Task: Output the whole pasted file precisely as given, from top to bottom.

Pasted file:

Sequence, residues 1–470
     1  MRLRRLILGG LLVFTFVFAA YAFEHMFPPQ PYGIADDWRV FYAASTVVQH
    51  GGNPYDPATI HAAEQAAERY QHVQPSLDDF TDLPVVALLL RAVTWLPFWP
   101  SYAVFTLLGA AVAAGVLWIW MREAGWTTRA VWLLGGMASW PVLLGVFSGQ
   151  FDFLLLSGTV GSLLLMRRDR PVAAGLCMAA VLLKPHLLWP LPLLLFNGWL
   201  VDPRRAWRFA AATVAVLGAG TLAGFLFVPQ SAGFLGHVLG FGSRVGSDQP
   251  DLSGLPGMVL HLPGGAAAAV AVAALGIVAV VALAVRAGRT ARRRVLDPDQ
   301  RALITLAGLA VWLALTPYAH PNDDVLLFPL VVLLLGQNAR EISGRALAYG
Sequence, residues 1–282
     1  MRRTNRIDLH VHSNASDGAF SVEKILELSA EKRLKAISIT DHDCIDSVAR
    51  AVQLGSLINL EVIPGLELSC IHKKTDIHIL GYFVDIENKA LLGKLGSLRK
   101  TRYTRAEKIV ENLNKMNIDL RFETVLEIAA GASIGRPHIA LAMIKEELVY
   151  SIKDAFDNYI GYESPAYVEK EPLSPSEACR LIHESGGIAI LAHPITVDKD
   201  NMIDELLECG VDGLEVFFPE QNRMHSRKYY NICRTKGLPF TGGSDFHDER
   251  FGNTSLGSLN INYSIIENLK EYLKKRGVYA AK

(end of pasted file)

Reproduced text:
Sequence, residues 1–470
     1  MRLRRLILGG LLVFTFVFAA YAFEHMFPPQ PYGIADDWRV FYAASTVVQH
    51  GGNPYDPATI HAAEQAAERY QHVQPSLDDF TDLPVVALLL RAVTWLPFWP
   101  SYAVFTLLGA AVAAGVLWIW MREAGWTTRA VWLLGGMASW PVLLGVFSGQ
   151  FDFLLLSGTV GSLLLMRRDR PVAAGLCMAA VLLKPHLLWP LPLLLFNGWL
   201  VDPRRAWRFA AATVAVLGAG TLAGFLFVPQ SAGFLGHVLG FGSRVGSDQP
   251  DLSGLPGMVL HLPGGAAAAV AVAALGIVAV VALAVRAGRT ARRRVLDPDQ
   301  RALITLAGLA VWLALTPYAH PNDDVLLFPL VVLLLGQNAR EISGRALAYG
Sequence, residues 1–282
     1  MRRTNRIDLH VHSNASDGAF SVEKILELSA EKRLKAISIT DHDCIDSVAR
    51  AVQLGSLINL EVIPGLELSC IHKKTDIHIL GYFVDIENKA LLGKLGSLRK
   101  TRYTRAEKIV ENLNKMNIDL RFETVLEIAA GASIGRPHIA LAMIKEELVY
   151  SIKDAFDNYI GYESPAYVEK EPLSPSEACR LIHESGGIAI LAHPITVDKD
   201  NMIDELLECG VDGLEVFFPE QNRMHSRKYY NICRTKGLPF TGGSDFHDER
   251  FGNTSLGSLN INYSIIENLK EYLKKRGVYA AK